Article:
Turnips and the Ungrateful Poor

  • conservativej...

    Posts: 2478

    Dec 28, 2010 4:32 AM GMT
    Turnips and the Ungrateful Poor

    There is a touch of pathos in that tale of the benevolent produce dealer and his turnips. There were 171 barrels of last year’s turnips and they were left on his hands, wherefore he determined to give them to the poor. But the ungrateful and reckless poor neglected to take the turnips, and they were sent to the garbage dump. Many another philanthropists has as keenly felt the gross ingratitude of the people, and doubtless the produce merchant will recover from his surprise with heart unhardened and continue in his benevolent ways. The cost of transporting the turnips to the dump was considerable, of course, and could have been avoided if the poor had not been so heedless, but better times are close at hand and what was thus lost can be made up in some other way.

    Meanwhile both the ingratitude of the poor and their senseless aversion to turnips are worth pondering over. If the benevolent produce man had announced his willingness to give away 171 kegs of beer or tubs of vanilla ice cream, there surely would have been a great rush to his front door. The trouble seems to have been with the turnips. We cannot believe that this was due to the scientific assertion that a turnip is 92 percent water, and hence to be explained by the natural aversion of the multitude to water. For, although habitually, scientific folks are frequently and not undeservedly poor, yet the poor as a class are hopelessly unscientific. No ordinary wayfaring man could be induced to believe that the turnip is largely composed of water. He could see at a glance that there is no water in a turnip.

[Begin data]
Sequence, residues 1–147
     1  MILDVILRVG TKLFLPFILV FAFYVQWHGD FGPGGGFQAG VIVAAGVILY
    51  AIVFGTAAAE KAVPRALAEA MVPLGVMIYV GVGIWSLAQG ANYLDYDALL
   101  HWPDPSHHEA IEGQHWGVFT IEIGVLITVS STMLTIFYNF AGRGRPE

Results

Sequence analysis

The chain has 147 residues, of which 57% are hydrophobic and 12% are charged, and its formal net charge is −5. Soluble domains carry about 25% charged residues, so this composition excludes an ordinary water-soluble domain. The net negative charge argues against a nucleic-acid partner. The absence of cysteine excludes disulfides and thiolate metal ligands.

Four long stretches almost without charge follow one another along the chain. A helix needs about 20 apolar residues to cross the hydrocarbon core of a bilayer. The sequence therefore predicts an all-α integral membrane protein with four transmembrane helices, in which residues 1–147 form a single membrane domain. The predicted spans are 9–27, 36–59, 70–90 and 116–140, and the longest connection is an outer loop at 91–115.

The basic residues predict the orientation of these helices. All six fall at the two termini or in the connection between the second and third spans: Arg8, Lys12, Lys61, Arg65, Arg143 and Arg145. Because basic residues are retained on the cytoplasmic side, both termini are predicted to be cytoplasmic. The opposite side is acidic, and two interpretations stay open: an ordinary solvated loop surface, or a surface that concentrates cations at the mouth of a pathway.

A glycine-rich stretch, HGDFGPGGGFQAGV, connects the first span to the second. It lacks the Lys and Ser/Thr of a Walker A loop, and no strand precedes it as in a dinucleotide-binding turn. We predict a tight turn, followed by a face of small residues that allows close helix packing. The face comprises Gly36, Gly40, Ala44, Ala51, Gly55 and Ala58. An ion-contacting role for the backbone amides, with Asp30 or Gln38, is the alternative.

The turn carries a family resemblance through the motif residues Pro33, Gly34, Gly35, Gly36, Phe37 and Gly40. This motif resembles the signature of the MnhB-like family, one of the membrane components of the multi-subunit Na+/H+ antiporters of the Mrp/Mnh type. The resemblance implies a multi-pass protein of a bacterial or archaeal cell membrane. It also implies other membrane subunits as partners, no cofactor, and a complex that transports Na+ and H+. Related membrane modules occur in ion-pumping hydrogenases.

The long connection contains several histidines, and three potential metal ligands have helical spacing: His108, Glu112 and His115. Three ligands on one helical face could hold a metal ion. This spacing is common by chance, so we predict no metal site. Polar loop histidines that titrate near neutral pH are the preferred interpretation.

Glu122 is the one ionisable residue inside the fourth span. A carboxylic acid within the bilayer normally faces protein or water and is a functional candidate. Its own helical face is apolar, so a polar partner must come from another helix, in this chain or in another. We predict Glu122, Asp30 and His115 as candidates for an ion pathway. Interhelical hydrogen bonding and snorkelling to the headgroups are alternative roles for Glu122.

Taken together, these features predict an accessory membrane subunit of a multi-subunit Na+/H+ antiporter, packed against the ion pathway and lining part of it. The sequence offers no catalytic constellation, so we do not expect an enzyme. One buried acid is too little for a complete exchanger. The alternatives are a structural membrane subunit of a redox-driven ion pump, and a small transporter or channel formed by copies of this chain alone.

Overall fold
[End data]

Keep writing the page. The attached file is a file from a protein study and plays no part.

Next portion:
Perhaps these turnips were rejected simply for lack of uses to put them to. They are considered cheap fodder, but horses and cattle are rather scarce in the tenement districts, and while goats will eat anything, and will therefore even eat last year’s turnips, it would be hardly worthwhile to carry a basket or a barrel of turnips from West Street to the Harlem River just for the sake of feeding goats, who are never at loss for something to eat. As missiles the turnips would be useful, but it is not a custom of occasionally quarrelsome folks to prepare for broils in times of good feeling.

    In fact, the poor, like the rich and the moderately well-to-do, are extremely human, and what nobody else wants they do not want. Colonel Sellers made believe to enjoy his meal of turnips, but they were probably new turnips, and, besides, Colonel Sellers is a fictitious personage. With the thermometer in the eighties and nineties, a diet of old turnips, which contain very little nutrition, does not seem conducive to either good appetite or good digestion.

    July 12, 1897
    The New York Times

  • Posted by a hidden member.
    Log in to view his profile

    Dec 28, 2010 4:48 AM GMT
    For you, Merry third day of Christmas, that of three french hens.


    Scroll downwards and you'll see them. icon_wink.gif

  • Posted by a hidden member.
    Log in to view his profile

    Dec 28, 2010 4:59 AM GMT
    Could use some virtual turnips to missile around here what with all the broils.
  • Webster666

    Posts: 9225

    Dec 28, 2010 5:05 AM GMT
    Here's to the good taste of the poor.
    I'd sooner starve to death than eat a turnip.

  • Posted by a hidden member.
    Log in to view his profile

    Dec 28, 2010 5:37 AM GMT
    beneful1 saidCould use some virtual turnips to missile around here what with all the broils.